First of all, the publishing industry like everything else is in dire straits. Please consider giving books for Christmas. There are tons of great horse books out there for your horsey friends or yourself. In fact, I'm going to start a post next weekend which lists great horse books to give as gifts. I'd like all of you to post a comment with at least one suggestion. So be thinking about it.
Oh, man, I am not doing well in the weight loss department. I know I've put on a few pounds this week. Maybe I should be grateful it's only a few. I'm going to continue in the New Year because I'm determined to get this fat off.
In the riding department, I also sucked this week. I only rode once and that was in a lesson, though I had the return of an epiphany. It was the best ride I've had on that horse in a long time. The shying is pretty much gone, and I can now concentrate on my riding again rather than getting her in the corner.
In the writing department, I finished a first draft of Fourth and Goal by writing 16,000 words this week!!! Yahoo!!! The writing is why I haven't reached my other two goals. I've been sitting on my butt trying the finish the darn book.
Now about my revelation. I am a puller. My horse is a puller. My trainer says the mare was inherently predispositioned to be a puller so it isn't entirely on me. Unfortunately, I, too, am instinctually a puller. Since I've been concentrating on the shying for the past two months, all my bad riding habits have returned full-force. I'm guessing because I've been in reactionary mode. For one, I'm hauling on the left rein when going to the right so hard that my poor horse can't turn a circle. Worst of all, I'm pulling and Gailey's pulling.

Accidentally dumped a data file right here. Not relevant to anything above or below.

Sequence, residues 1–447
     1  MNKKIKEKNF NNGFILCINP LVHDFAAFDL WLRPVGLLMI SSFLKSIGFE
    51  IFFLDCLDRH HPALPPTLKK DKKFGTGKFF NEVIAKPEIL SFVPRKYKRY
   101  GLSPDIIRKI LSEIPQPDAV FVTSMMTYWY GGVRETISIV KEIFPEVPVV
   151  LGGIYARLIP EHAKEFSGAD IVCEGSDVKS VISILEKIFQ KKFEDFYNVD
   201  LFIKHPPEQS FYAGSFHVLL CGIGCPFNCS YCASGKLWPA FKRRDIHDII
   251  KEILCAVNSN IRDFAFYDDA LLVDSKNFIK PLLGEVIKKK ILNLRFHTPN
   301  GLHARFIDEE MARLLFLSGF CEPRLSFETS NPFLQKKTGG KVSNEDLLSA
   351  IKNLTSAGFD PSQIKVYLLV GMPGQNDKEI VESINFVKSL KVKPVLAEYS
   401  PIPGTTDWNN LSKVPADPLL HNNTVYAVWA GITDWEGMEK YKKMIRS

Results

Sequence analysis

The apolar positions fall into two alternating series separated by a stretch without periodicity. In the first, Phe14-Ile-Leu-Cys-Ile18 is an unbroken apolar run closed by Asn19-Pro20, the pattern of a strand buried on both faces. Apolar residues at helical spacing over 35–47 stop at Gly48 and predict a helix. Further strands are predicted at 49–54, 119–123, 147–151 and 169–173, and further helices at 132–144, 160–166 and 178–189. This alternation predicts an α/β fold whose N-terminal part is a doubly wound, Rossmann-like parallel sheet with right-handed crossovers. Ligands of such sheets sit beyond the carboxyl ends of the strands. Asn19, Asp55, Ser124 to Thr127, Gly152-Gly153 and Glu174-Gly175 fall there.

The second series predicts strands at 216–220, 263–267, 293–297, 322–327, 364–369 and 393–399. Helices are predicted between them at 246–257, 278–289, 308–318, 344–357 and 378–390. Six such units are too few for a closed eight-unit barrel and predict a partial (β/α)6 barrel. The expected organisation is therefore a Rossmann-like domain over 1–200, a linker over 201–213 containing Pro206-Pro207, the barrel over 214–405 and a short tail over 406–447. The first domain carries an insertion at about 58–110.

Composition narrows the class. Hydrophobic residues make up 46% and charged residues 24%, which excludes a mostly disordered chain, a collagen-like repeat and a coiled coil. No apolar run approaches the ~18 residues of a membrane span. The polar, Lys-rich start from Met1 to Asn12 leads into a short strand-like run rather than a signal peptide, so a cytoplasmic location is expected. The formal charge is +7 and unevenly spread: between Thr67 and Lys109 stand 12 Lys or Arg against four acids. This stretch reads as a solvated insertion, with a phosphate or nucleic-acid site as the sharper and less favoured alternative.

I've been so frustrated with all of it, that I truly considered retiring the horse and myself from dressage, but I'm not a quitter. So I kept at it, often dreading getting on her back. In my last lesson, we worked on my pulling. I wasn't allowed to pull. At first, that was Gailey's cue to fall on her forehand and go faster, her favorite evasion (even more than shying). So we did leg yeilds, haunches-in, shoulder-in, transitions, and half-passes everywhere in the arena. When I'm doing that stuff, I ride better. I acutally ride both sides of the horse and use my legs, seat, and hands; instead of just hands. After about 20 minutes of this, the first ten being very frustrating, I felt a connection. Tenuous, it came and went, but it was there.
And when it was there, it was the greatest feeling on earth. To have a horse light and listening and totally connected to its rider is the reason I do dressage. I'm so glad that I had a little reminder that all is not lost, and I can do this despite the setbacks.
So happy winter riding everyone! And next week, I'm back in the saddle.